Despite the eurogroup approval of Greece's reform proposals, the International Monetary Fund - one of the three bailout monitors - said it was not fully on board with the extension.
In a letter to Jeroen Dijsselbloem, the Dutch finance minister who chairs the eurogroup, Christine Lagarde said the six-page Greek letter does not appear to commit to finishing the existing bailout programme.
"In quite a few areas....including perhaps the most important ones, the letter is not conveying clear assurances that the government intends to undertake the reforms envisaged in the [programme] memorandum," Lagarde wrote in the letter.
Without the IMF on board, Athens could face difficult weeks ahead completing the current bailout programme. Although the IMF rescue is separate from the EU's portion of the bailout, several northern eurozone countries, particularly Germany, have insisted that the EU only disburse aid a the same time as the IMF.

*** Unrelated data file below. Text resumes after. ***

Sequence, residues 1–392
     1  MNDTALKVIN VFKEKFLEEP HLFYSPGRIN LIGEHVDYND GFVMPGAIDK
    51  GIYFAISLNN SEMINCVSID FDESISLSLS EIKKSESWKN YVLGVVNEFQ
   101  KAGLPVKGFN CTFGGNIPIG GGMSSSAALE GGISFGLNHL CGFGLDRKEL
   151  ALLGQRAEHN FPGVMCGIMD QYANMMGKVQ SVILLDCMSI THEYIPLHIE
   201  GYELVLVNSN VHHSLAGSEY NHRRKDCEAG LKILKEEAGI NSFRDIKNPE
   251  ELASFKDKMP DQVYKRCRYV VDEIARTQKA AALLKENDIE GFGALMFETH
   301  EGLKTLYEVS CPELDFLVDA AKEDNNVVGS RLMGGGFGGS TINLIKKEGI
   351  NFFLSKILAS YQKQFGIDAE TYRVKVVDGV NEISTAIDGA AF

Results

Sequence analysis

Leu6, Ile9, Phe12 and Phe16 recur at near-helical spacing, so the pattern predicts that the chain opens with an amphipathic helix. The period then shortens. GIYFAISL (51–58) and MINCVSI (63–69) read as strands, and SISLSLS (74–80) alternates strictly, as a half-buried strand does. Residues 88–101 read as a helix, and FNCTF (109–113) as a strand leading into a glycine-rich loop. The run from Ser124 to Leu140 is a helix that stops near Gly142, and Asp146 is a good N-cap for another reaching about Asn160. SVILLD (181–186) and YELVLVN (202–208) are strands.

"The IMF will insist on sticking to the mid-term goals" of the bailout, said one senior official involved in the talks. "We're in for very choppy waters."
In a short statement announcing its decision, the eurogroup made clear that while it had signed off on the Greek letter as a "valid starting point" for resumption of the current bailout programme they would continue push Athens to develop the list more thoroughly in the upcoming weeks. Greece faces an April deadline to finalise an agreed list of reforms.
The European Commission said earlier in the day that it found the Greek letter to be "sufficiently comprehensive".
However in a separate letter to Dijsselbloem, Mario Draghi, president of the European Central Bank – the third of the three bailout monitors – also expressed reservations.
"We note that the commitments outlined by the authorities differ from existing programme commitments in a number of areas," Mr Draghi wrote, saying the ECB would have to "assess during the review" whether they could replace any austerity measures contained in the existing bailout.
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